Miscommunications between HR and Payroll, and documentation shortcuts resulted in a $115,000.00 overpayment of separation payments. (See Kearns v. Canadian Tire Corporation, Limited (“Kearns”)). The processing of termination payments requires clear documentation and input and clear communication between HR and Payroll departments. Each department has a unique and complementary role to play in ensuring effective internal controls over separation payments.
Typically, HR ensures that separation payments comply with employment standards, employment contracts, or collective agreements. They handle the face-to-face (or socially distanced) interactions with the separated employees. An HR representative may also attend mediation and litigation proceedings, on behalf of the organization. Payroll is typically behind the scenes, responsible for processing the payout, making statutory and other deductions, depositing the net pay within the timeline required, and other processing responsibilities. Payroll, and others in the Accounting department, typically review payroll reports and investigate variances and other matters, as part of internal controls. These reviews and investigations can detect and provide early warnings of errors and frauds.
In, Kearns, a Canadian Tire employee commenced a wrongful dismissal lawsuit in October 2018.
In November 2018, Canadian Tire paid the employee just over $115,000.00 in termination payments (the “November Payment”), as one of several payments to the separated employee.
In December 2018, the parties went to mediation to try to settle their dispute and reached a settlement. The settlement agreement (“Minutes”), provided that Canadian Tire would pay the employee $150,000.00 in addition to “amounts already paid”. Its external counsel and manager of employee relations represented Canadian Tire at the mediation.
In February 2019, Canadian Tire alleged that its Payroll department had made the November Payment by mistake; the HR representative who attended the mediation was unaware of the November Payment; and the Minutes did not take this payment into account. Canadian Tire sought to recoup the $115,000.00 as an overpayment—the courts did not permit this.
The court had this to say about the alleged overpayment in its November 2020 judgement:
 …while the Canadian Tire representatives who attended the mediation may not have known that the November Payment had been made …, others in the company certainly knew. Although Canadian Tire adduced evidence to suggest that a clerk had dropped the ball in making the payment and a supervisor had failed to catch the blunder, the payroll records of the company clearly showed that the payment had been made….
And this to say about knowledge of the November Payment:
…While the company’s payroll records and para. 5 of its mediation [documents] reflected those payments, the company’s representatives who attended the mediation deposed that they were not aware of the last payment, made on November 23, 2018.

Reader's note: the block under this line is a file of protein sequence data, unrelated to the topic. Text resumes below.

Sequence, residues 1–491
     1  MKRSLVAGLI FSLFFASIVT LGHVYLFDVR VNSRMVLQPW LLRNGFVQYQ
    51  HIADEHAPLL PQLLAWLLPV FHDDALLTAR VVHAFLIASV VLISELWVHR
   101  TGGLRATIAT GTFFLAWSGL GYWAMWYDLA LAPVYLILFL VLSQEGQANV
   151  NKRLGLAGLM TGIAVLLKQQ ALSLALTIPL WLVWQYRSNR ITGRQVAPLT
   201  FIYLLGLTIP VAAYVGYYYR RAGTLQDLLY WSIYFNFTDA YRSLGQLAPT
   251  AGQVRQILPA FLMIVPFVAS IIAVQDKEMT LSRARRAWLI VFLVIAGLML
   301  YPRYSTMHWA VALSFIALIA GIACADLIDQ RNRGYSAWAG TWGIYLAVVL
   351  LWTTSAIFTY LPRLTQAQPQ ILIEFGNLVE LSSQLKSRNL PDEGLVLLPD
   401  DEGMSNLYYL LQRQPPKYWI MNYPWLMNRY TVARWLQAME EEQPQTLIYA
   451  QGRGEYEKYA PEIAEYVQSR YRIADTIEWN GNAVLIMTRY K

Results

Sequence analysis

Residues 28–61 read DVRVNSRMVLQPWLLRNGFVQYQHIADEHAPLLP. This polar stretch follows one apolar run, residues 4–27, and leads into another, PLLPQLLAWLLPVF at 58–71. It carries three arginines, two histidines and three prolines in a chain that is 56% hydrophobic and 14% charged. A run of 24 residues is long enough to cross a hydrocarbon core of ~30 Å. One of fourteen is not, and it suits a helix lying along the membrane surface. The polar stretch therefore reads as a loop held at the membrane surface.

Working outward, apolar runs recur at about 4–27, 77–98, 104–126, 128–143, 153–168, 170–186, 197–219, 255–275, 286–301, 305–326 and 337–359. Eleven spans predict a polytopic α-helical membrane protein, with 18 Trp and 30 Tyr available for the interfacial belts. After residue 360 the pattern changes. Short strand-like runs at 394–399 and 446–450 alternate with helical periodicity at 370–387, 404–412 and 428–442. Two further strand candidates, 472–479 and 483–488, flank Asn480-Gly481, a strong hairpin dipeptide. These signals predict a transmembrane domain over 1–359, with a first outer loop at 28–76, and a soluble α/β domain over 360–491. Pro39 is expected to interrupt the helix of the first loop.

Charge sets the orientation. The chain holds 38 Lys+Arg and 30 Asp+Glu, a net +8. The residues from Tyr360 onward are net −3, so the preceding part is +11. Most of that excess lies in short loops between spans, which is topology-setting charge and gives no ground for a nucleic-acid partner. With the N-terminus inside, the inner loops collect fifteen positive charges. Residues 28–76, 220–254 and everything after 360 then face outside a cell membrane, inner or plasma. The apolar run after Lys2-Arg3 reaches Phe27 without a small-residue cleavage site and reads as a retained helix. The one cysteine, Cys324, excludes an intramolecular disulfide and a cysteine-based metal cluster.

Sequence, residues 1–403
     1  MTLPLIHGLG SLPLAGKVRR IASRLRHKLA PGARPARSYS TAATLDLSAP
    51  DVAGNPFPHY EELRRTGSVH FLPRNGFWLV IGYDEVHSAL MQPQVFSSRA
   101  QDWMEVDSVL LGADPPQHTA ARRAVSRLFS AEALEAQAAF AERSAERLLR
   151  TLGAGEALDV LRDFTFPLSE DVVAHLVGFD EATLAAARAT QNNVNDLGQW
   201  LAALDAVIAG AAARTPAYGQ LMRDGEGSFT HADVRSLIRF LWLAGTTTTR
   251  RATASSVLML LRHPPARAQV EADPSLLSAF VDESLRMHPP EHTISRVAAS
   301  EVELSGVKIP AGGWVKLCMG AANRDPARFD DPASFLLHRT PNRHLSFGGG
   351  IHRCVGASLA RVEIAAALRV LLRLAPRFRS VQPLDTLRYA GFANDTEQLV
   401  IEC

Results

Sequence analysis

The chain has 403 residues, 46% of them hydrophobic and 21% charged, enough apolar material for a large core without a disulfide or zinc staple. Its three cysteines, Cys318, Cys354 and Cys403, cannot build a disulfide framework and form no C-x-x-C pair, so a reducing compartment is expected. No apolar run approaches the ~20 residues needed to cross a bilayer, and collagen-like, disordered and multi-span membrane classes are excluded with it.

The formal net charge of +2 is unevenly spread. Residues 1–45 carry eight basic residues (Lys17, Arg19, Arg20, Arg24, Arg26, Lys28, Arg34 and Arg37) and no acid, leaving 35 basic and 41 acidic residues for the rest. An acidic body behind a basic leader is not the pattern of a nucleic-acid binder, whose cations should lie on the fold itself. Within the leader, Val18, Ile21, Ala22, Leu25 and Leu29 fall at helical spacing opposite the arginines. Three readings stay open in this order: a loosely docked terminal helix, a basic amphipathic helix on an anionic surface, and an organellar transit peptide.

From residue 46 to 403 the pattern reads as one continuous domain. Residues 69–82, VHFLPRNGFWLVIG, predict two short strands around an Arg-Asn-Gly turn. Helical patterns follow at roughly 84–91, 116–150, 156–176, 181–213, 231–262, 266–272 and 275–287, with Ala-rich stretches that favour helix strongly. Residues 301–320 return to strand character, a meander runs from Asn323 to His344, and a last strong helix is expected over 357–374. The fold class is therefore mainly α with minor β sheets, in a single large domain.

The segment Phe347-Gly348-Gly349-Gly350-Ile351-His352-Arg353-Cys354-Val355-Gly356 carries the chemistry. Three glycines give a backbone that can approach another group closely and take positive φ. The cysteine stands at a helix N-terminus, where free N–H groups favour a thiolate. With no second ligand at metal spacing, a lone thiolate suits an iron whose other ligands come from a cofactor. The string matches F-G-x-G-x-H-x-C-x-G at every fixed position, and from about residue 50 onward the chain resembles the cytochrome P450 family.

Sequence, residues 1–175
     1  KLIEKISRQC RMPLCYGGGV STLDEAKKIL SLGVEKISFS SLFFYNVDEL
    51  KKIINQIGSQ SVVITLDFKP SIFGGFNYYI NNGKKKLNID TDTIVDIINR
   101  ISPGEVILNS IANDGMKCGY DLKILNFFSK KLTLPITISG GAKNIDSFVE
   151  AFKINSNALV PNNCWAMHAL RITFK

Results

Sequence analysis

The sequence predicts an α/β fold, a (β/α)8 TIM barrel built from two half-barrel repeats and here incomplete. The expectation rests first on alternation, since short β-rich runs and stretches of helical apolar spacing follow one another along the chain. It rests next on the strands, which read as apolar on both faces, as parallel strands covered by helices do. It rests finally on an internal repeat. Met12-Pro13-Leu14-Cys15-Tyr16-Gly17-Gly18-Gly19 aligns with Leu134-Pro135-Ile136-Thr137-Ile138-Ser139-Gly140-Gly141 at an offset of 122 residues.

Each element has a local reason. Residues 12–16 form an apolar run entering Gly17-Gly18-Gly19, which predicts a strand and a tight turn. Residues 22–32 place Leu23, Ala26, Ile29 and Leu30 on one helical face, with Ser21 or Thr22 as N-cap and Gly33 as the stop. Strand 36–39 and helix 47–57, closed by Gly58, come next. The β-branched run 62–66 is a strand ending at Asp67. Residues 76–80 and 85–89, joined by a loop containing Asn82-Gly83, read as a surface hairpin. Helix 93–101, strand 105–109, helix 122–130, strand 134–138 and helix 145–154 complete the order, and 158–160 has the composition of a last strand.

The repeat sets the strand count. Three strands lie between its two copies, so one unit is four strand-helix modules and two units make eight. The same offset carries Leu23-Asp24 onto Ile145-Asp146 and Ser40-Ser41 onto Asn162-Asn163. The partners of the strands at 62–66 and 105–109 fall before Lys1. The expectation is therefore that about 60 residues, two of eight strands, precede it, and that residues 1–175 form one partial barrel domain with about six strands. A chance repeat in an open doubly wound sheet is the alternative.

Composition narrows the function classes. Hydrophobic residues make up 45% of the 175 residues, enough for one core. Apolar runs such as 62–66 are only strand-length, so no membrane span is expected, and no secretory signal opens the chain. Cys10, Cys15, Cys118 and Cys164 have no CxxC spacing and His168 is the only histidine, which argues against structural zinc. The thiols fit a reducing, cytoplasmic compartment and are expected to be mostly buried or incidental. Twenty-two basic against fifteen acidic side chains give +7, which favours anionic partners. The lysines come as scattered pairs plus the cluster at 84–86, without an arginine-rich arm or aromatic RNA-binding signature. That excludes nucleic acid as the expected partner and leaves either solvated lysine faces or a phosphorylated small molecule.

The court further suggested procedures which might have avoided the overpayment, saying the following:
 I would note that this litigation could have been avoided through the simple drafting device of quantifying in the Minutes the “amounts already paid”.
Kearns illustrates the importance of effective communication between HR and Payroll. Canadian Tire’s payroll and mediation records reflected the November Payments. Somehow, there was a breakdown in communication, such that the representatives at mediation were unaware of (or perhaps, had forgotten) the amount of the total payments which the employee had received.
To compound this breakdown, the Minutes did not state the total payments already made to the employee. Had the Minutes contained more details, perhaps the entire picture would have been in black and white—total settlement amount, less amount paid to date, equals remaining payment—the overpayment would have been less likely to occur.
The error indicates that there was a communication breakdown, whether because facts were not communicated or recalled by either HR or Payroll, or for whatever reasons.
The takeaway: Ensure clear, complete and effective communication. Avoid miscommunications between HR and Payroll. Overpayments and other mistakes are evidence that somewhere, somehow, there was a breakdown in communication. Information was not transmitted or received clearly. Ensure that anyone representing the organization in mediation or litigation is clear on the financial transactions relevant to the proceedings. It helps to have a quick-reference summary of the numbers, agreed to or signed off by all the relevant departments. It may help to duplicate enough details in settlement agreements or other documentation so that financial terms agreed upon are full, clear and in black and white. Or if not, refer to and clearly understand the numbers before signing off on a settlement amount.
Policies and procedures are essential to internal controls, but the work required to create and maintain them can seem daunting. Finance and Accounting PolicyPro, co-marketed by First Reference and Chartered Professional Accountants Canada (CPA Canada) contain sample policies, procedures and other documents, plus authoritative commentary in the area of finance and accounting, to save you time and effort in establishing and updating your internal controls and policies. In particular, see Chapter 4 – Payroll and GV 4.05 – Litigation. Not a subscriber? Request a free 30-day trial of Finance and Accounting PolicyPro here.
Latest posts by Apolone Gentles, JD, CPA,CGA, FCCA, Bsc (Hons) (see all)
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